You know that music in some movies that, no matter how pleasant the scene, you get an anxious feeling the pit of your stomach? Like in Jaws, vacationers may be frolicking in the gentle waves on a sunny day, but when you hear that music, you know: No good can come of this.
I heard that music while filling out the Parks & Rec preference survey. Question 14 asked me to indicate my level of comfort for funding sources for park areas or facilities needing improvement, and the first funding source on the list was “User Fees.” There was a tightening in my gut that got stronger as I got to third on the list, the “temporarily increased taxes” of a bond referendum.
As a member of the ever-shrinking demographic not wealthy enough to take advantage of loopholes and tax cuts, yet too wealthy to qualify for subsidies, my heart sags at the notion of once again picking up the slack from groups at both ends of the spectrum.
User fees make sense, if you have the money or qualify for a sliding scale. But society is becoming ever more polarized in terms of wealth. Taxes are high in Chapel Hill, but many of us are willing to pay them because of the amenities and services they cover that make our town a nice place to live. But when we’re asked to pay user fees on top of high taxes, then we inch a little farther along the haves vs. have-nots continuum. Having beautiful pools and gyms and athletics fields makes for a nicer place to live. But if they’re only available to those who have a discretionary $5 per use, then for those without the discretionary money to spend, what good are those facilities?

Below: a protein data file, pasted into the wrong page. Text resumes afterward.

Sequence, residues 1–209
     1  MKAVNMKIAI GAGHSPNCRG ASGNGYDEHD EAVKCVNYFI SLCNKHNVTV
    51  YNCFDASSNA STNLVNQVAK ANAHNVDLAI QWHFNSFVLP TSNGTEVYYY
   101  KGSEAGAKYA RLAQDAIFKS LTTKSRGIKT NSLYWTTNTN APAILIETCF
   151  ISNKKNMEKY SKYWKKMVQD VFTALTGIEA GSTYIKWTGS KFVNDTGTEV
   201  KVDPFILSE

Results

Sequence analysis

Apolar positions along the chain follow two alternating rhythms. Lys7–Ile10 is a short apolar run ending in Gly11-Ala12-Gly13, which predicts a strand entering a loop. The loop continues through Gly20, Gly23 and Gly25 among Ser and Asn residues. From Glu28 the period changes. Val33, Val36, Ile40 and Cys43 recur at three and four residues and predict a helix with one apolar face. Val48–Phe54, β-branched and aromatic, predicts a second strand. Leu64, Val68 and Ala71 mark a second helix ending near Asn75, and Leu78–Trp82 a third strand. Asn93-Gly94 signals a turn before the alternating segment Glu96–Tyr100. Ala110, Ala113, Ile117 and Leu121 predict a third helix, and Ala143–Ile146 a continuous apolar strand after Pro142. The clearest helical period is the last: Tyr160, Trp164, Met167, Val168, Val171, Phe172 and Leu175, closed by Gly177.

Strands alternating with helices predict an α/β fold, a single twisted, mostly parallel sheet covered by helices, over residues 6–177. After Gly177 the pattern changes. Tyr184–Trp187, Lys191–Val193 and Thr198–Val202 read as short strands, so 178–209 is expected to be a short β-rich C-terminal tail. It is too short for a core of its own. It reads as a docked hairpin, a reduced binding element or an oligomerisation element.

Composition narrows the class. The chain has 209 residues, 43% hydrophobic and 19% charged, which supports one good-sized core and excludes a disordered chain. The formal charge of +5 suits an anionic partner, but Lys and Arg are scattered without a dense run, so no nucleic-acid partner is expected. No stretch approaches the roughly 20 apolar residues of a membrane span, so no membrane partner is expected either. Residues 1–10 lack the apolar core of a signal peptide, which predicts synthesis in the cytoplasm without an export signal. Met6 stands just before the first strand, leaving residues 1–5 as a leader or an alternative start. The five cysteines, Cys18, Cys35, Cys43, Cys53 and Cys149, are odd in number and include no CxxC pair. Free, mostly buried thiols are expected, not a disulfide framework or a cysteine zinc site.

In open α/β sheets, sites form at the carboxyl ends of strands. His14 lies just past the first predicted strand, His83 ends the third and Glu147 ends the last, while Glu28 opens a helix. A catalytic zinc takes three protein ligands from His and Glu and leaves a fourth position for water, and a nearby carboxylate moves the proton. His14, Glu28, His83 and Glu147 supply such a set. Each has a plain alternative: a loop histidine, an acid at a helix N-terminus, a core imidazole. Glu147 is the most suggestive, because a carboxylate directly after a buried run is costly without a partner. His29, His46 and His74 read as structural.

Members of a community take care of one another, paying taxes to cover schools and other venues and services, even if we, personally, don’t use them. But we need to find the proper balance so that our high taxes don’t push out all but the wealthy, and piling user fees on top of high taxes doesn’t create a parallel level of amenities open only to the wealthy. We would lose diversity, and if we want a community only of country-club wannabees, we might as well move to Cary.
– Nancy Oates